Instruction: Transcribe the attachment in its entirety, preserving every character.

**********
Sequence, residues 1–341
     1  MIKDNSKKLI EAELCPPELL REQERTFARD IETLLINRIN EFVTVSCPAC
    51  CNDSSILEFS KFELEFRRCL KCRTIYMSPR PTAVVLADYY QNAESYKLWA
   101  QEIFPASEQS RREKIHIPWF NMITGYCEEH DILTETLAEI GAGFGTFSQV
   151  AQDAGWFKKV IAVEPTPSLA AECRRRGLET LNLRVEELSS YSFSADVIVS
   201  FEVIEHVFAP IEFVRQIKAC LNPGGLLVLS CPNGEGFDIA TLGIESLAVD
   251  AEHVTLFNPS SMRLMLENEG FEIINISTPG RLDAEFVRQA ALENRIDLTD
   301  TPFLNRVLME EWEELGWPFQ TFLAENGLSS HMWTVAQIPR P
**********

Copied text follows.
Sequence, residues 1–341
     1  MIKDNSKKLI EAELCPPELL REQERTFARD IETLLINRIN EFVTVSCPAC
    51  CNDSSILEFS KFELEFRRCL KCRTIYMSPR PTAVVLADYY QNAESYKLWA
   101  QEIFPASEQS RREKIHIPWF NMITGYCEEH DILTETLAEI GAGFGTFSQV
   151  AQDAGWFKKV IAVEPTPSLA AECRRRGLET LNLRVEELSS YSFSADVIVS
   201  FEVIEHVFAP IEFVRQIKAC LNPGGLLVLS CPNGEGFDIA TLGIESLAVD
   251  AEHVTLFNPS SMRLMLENEG FEIINISTPG RLDAEFVRQA ALENRIDLTD
   301  TPFLNRVLME EWEELGWPFQ TFLAENGLSS HMWTVAQIPR P